Marathon ‘isn’t calling the shots’

Marathon Petroleum Corp. would only provide funding for Findlay’s downtown traffic and parking plan, and is not dictating the details, city officials and organizers said this week in response to public claims of cronyism and conflict of interest.
“There’s been a lot of talk about Marathon’s involvement,” Mayor Lydia Mihalik said Wednesday at one of three public meetings on the plan, a session that focused on gathering opinions from the Findlay Young Professionals group.
Marathon’s February announcement about plans to expand its complex, and to donate $5 million toward the downtown traffic and parking project, is serving as “a catalyst” and is “what’s allowing us to move forward with this,” she said.
Marathon’s expansion project is eligible for up to about $20 million in property tax breaks through Findlay’s Community Reinvestment Area. The company has said it will donate up to $5 million of the savings to the downtown project.
Its only stipulation, stated in a Feb. 3 letter to Mihalik, is that the money be used toward improvements that will “increase the safety of (Marathon Petroleum Corp.) employees and visitors as pedestrians and motorists in and around the Findlay campus.
“Improvements to vehicular traffic management provide better accessibility to MPC’s headquarters, which increases the overall attractiveness of the company’s campus,” Marathon President and CEO Gary Heminger wrote. “As specific improvement projects are identified by the City of Findlay, MPC requests that distribution of these funds are directed with priority on activities that meet the stated MPC objectives.”
While Marathon isn’t involved in the project details, some of its employees are.
There are seven Marathon employees serving on the Findlay-Hancock County Alliance’s 37-member “economic restructuring committee.” Comprised mostly of representatives from businesses, government, and organizations, it has been helping to develop a downtown revitalization plan, including the traffic and parking component.
Serving on the committee, too, is Councilman-at-Large Grant Russel, who works for Marathon. He has been involved in behind-the-scenes planning, and has served as a point person for the project, attending meetings and providing answers.
Russel said he took it upon himself to become involved, as a member of City Council.
He is adamant that his involvement in the downtown plan does not present a conflict of interest.
“I’m not conflicted because this is not a Marathon project. This is a city government project,” Russel said. “Marathon is just a funding source. It isn’t calling the shots on this. This is being driven by the city, economic development and citizen input. That’s why the planning continues to evolve.”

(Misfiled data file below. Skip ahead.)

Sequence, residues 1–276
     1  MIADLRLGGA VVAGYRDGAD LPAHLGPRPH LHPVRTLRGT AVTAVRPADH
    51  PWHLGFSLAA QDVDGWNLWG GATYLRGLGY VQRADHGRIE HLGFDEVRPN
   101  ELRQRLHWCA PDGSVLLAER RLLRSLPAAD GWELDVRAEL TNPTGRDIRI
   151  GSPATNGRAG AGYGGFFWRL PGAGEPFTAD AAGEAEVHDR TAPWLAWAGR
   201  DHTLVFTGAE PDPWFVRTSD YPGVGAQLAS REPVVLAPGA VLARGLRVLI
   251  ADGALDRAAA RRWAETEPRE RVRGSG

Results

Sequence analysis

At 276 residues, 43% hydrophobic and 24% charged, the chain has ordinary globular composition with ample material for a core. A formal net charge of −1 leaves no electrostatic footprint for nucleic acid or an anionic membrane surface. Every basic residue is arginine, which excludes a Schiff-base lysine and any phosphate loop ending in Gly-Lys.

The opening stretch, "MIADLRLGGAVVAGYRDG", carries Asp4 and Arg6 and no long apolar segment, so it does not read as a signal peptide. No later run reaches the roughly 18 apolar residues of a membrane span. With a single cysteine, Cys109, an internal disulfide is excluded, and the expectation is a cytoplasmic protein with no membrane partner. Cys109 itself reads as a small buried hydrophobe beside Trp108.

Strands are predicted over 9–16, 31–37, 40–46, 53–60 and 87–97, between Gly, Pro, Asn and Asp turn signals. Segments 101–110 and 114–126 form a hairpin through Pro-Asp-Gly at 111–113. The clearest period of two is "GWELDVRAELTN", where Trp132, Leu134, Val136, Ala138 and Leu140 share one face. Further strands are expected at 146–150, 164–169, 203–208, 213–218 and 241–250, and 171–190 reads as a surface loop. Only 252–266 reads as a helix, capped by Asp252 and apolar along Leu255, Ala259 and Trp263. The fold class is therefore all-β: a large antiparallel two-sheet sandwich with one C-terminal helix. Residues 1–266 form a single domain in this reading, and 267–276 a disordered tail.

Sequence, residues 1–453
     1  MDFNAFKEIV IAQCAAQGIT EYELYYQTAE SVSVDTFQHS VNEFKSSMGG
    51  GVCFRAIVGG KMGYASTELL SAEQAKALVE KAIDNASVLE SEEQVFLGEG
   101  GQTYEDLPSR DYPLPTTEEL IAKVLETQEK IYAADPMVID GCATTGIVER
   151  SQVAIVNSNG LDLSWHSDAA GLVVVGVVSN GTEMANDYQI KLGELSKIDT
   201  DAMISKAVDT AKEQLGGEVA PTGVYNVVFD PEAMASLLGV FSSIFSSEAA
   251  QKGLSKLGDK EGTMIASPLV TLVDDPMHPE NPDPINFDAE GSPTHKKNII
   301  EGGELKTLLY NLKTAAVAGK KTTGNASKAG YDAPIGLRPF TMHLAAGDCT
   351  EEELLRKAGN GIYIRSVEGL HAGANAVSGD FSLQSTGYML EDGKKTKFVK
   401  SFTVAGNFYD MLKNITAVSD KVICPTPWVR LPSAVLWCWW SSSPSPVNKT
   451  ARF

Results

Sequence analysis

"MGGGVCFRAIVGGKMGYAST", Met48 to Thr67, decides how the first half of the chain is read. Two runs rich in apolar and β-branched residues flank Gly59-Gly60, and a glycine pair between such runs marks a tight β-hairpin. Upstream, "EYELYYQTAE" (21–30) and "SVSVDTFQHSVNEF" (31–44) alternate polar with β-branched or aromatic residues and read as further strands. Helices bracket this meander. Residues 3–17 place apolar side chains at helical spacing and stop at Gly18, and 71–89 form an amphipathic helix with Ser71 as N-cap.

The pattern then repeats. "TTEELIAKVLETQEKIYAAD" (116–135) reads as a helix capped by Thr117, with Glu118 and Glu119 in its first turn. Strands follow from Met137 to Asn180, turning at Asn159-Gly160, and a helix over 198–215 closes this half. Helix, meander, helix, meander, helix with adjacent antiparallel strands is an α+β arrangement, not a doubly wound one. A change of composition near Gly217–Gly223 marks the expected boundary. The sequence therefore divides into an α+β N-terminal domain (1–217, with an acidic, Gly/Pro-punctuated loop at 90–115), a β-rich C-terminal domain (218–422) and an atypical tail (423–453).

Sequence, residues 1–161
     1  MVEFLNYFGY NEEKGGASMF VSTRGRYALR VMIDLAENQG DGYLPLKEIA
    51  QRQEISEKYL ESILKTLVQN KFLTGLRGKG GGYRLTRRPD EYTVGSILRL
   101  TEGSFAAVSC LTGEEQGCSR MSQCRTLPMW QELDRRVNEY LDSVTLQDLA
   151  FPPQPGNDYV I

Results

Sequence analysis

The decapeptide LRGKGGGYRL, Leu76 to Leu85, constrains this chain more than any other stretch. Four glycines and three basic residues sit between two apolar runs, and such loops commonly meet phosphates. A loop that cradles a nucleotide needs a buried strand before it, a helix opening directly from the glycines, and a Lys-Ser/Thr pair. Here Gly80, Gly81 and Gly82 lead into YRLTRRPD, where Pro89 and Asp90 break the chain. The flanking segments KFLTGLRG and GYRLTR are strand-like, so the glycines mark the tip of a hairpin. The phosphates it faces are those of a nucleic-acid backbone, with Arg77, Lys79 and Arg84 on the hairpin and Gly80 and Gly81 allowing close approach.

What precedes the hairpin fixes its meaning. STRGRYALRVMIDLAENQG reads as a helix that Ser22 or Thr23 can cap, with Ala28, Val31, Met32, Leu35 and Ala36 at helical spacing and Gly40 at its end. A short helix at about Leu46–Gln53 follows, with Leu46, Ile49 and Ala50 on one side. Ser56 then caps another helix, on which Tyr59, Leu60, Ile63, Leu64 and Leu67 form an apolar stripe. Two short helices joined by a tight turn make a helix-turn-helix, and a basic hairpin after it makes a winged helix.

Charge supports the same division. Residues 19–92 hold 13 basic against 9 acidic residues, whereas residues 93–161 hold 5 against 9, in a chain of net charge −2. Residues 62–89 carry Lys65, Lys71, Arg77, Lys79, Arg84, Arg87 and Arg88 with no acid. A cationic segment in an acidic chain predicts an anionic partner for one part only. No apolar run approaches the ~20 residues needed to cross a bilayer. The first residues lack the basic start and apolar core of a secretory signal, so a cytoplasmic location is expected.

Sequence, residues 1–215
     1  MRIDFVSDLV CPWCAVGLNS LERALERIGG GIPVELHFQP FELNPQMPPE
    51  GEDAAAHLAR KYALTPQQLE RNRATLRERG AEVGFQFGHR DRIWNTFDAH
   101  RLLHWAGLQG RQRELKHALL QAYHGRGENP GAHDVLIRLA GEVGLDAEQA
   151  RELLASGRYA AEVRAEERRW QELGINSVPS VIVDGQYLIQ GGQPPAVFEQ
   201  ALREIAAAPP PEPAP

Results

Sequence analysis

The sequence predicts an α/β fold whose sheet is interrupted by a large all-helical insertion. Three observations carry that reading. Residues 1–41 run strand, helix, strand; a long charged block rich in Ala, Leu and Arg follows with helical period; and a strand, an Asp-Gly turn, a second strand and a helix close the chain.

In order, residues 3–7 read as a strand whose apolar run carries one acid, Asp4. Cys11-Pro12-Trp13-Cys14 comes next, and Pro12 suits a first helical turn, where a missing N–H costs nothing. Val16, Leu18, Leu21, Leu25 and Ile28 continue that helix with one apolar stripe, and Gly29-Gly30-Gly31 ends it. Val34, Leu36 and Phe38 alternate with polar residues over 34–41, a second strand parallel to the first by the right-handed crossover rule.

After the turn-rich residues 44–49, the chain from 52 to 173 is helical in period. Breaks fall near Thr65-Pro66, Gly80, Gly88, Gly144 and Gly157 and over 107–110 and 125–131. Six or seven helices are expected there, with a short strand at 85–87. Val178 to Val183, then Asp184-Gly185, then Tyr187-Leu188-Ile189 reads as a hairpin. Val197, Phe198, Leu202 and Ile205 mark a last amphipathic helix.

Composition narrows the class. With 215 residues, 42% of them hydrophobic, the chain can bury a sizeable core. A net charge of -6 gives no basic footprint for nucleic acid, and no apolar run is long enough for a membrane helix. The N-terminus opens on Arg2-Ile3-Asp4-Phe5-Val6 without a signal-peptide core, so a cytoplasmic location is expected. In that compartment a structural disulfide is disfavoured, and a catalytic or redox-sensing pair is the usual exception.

Russel said he thinks he was asked to be on the Alliance’s committee because of his “love for the downtown” and because of his prior participation in the now-defunct Findlay Downtown Area Association.
“I’ve not had one conversation with anyone at Marathon about this project. I can’t recuse myself from voting on everything that Marathon has an interest in within the city. And if its involvement is considered a conflict, how can Marathon be involved in any type of public service whatsoever?” Russel said.
“Community involvement for Marathon employees is encouraged,” he said. “That’s one of the great things about the company.”
“I will talk to anyone, at any place, at any time about this project. And it’s fine if we disagree, but don’t be disagreeable,” Russel said. “I’m trying to communicate information as much as possible so that people can be informed instead of just having knee-jerk reactions.”
Russel did recuse himself from discussion and voting at a meeting of council’s Planning and Zoning Committee when Marathon-requested street and alley vacations were considered, and will do so when council as a whole addresses that legislation, he said, because it involves “the city giving them (company) property.”
“I’m obviously in conflict on that, but that is not germane to this conversation” about downtown traffic and parking changes, he said.
Russel said the conflict issue was discussed with Findlay Law Director Don Rasmussen, who gave him the green light for participation.
Ohio’s ethics law, when addressing public employee conflict of interest, mainly focuses on monetary and tangible gain, and “improper influence.”
Council President Jim Slough thinks Russel should take a step back.
“Grant is a fine man. He’s done a fine job as a councilman-at-large. But to me, this boils down to an issue of perception,” Slough said. “If I was in his position, I would recuse myself” from voting on the downtown project.
Ohio Ethics Commission:
Brown: 419-427-8496
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